Former Olympian Kimmie Meissner working as a research analyst at Sochi Games

Eight years after competing in the Olympics, Kimmie Meissner is giving the Winter Games another shot. Minus her skates.

Meissner, 24, is working for NBC as a research analyst, a behind-the-scenes job that sent the Bel Air resident to Sochi with little fanfare. There, she's doing off-camera grunt work that might seem odd for the onetime world and national figure skating champion.


"Kimmie will watch the skating from the International Broadcast Center and provide a written analysis before and after each event," said Lee Ann Gschwind, NBC's editorial director for the Olympics. "She'll spend a lot of time looking up stuff on the Internet and helping with pronounciations of skaters' names. She might also cover some press conferences."

The opportunity is exciting, said Meissner, who placed sixth in the 2006 Olympics. She won a world championship that same year and the U.S. championship in 2007 before strugging with injuries that ended her competitive career.


"This is awesome. It'll be kind of cool, not being the focus [of the media]," she said. "It's like being inside the sport and looking out. I have no idea what goes on behind the camera, but I'm curious to see what it's like."

One of 22 on-site analysts for the network, Meissner is the only one who has participated in the Games.

"Most [researchers] are not former Olympians," Gschwind said. "She's not the first to do this, but it's definitely not the norm."

Meissner sees her past as a plus in her new post.

"Having been there and done that, I can fill in the reporters about what the skaters are feeling and personalize it. I'm totally inside their heads," she said. "And if, in a press conference, a performer gets upset, I could try to appeal to them on a skater-to-skater level and talk them through their anger."

Meissner's expertise will strengthen the network's coverage, said Scott Hamilton, NBC's broadcast skating analyst who is working his seventh Olympics.

"It's exciting to have someone with her resources assisting the research staff," said Hamilton, gold medalist in 1984. "Kimmie knows the scoring system and the skaters, and being able to take what she learned [as a competitor] and apply it to a different aspect of the Games is a blessing.

"A lot of Olympic medalists aspire to go back as members of the media, but few are respected enough to do so. It's an honor for her on every level."


Ultimately, Hamilton said, Meissner could end up in the broadcast booth.

"She's very intelligent and well-spoken, with a great personality," he said. "I'll be curious to see how they use her. I hope she does get on the air — that would be great."

The idea intrigues Meissner.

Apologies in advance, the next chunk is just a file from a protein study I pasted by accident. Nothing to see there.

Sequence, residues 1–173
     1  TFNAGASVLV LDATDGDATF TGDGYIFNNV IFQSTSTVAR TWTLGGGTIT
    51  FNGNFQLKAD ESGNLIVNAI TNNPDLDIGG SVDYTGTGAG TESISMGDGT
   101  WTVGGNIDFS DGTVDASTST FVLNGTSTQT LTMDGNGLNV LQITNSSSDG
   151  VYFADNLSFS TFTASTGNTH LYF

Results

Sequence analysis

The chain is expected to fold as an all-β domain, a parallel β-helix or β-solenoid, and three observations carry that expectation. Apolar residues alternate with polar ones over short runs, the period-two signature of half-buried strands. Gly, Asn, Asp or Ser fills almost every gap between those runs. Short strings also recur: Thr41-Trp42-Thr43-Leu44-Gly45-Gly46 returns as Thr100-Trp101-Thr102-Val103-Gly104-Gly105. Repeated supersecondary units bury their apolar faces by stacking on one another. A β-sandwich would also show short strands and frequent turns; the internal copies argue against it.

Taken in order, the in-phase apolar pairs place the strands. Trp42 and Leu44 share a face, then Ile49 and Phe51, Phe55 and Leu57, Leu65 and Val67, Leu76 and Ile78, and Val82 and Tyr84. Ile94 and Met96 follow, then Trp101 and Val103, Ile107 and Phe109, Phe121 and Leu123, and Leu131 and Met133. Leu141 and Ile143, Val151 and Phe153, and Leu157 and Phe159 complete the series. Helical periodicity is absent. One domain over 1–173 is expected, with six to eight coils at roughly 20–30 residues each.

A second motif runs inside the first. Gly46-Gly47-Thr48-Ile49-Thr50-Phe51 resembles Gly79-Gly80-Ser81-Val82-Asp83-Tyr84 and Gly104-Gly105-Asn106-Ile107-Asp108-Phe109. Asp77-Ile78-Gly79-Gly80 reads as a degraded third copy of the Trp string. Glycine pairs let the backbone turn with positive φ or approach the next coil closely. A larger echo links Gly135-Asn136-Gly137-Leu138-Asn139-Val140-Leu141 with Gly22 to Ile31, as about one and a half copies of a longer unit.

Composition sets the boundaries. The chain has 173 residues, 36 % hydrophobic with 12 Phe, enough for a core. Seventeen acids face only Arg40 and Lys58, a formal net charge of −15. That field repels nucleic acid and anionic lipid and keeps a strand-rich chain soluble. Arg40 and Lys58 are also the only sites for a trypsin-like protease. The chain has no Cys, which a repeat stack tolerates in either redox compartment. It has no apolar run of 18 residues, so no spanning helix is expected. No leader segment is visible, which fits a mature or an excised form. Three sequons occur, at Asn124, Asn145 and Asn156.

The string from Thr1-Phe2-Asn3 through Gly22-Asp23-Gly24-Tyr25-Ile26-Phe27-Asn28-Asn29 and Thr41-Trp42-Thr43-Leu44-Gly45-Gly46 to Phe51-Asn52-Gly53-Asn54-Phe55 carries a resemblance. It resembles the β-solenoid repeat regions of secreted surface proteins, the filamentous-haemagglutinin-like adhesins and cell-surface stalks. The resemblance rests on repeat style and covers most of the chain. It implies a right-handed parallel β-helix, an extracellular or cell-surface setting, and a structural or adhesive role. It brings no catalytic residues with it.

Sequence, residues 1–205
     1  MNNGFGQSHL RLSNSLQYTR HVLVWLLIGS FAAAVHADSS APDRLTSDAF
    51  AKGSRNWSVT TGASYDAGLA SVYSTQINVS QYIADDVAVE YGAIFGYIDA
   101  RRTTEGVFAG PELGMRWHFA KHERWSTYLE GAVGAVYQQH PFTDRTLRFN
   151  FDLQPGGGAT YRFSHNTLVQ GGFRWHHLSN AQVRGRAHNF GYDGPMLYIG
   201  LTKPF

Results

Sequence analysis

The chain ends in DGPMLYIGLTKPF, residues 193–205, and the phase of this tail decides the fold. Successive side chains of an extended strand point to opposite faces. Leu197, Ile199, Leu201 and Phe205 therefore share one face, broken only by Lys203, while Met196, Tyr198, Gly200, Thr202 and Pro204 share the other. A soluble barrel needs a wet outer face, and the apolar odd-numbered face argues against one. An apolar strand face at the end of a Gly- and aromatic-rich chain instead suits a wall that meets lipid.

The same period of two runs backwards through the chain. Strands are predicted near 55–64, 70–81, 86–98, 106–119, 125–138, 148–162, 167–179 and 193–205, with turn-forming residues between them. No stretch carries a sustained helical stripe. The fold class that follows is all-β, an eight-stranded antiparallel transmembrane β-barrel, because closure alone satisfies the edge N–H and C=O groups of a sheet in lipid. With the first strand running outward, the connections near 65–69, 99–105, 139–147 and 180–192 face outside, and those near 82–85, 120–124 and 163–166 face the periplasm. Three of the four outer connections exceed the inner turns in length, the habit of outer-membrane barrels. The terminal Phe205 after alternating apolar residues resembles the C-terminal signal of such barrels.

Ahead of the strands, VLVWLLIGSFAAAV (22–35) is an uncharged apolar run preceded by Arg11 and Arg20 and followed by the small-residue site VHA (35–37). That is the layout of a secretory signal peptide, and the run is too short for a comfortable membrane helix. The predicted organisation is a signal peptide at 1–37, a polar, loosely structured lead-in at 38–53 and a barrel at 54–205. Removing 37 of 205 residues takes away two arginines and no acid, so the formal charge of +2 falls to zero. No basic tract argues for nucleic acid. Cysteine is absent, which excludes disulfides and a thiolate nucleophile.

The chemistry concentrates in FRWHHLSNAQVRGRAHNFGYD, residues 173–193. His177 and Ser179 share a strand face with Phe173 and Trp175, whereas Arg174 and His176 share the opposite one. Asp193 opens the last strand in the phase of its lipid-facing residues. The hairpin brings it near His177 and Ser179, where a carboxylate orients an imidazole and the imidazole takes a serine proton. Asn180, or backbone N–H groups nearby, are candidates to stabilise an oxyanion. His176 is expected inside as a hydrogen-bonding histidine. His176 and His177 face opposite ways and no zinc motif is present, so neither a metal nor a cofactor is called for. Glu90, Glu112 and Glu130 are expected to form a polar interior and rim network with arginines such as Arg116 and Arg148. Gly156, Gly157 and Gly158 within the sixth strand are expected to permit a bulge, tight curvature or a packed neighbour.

"I'm not shy in front of the camera," she said. "But let's wait and see how it goes."

Currently, Meissner coaches skating at Ice World in Abingdon and attends Towson University, where she is a senior English major. A professional skater, she stars in more than 20 ice shows a year and had just performed in New York last April when, at a banquet, she met NBC's Gschwind.

Chatting there, Meissner mentioned her studies and how much she liked to write.


"I didn't think of it then," Gschwind said, "but a week later, when a [job] opening came up, Kimmie came to mind. I'd interviewed her as a skater and knew she was down-to-earth, carried herself well and knew the sport. She's level-headed with no big ego. I thought she'd fit in very well."

Meissner agreed. Besides earning a paycheck (she declined to give specifics), she'll also get college credit for the Olympic experience, which will fulfill her internship requirement for graduation.

The downside? Deep down, she yearns to be on that rink in Sochi.

"That will be the most difficult thing," said her mother, Judy Meissner. "She still has a bit of a competitive edge."

Meissner agreed.

"I'm a little conflicted," she said. "I'm still married to my skates. I'm sure this will be fun, but It's going to be super weird to just watch. Peggy Fleming once told me that, when she first started [as a skating commentator], she felt like she should be out there lacing up her skates."


Hamilton understands her dilemma.

"She may struggle with that and she may not," he said. "As former skaters, we respect that we had our time, though it's always too short. Kimmie struggled with injuries that took a lot of longevity away from her. It was a rough go from that respect.

"If she has any residual sadness from having been injured, it may bring up some emotions [at the Olympics], but I hope it doesn't."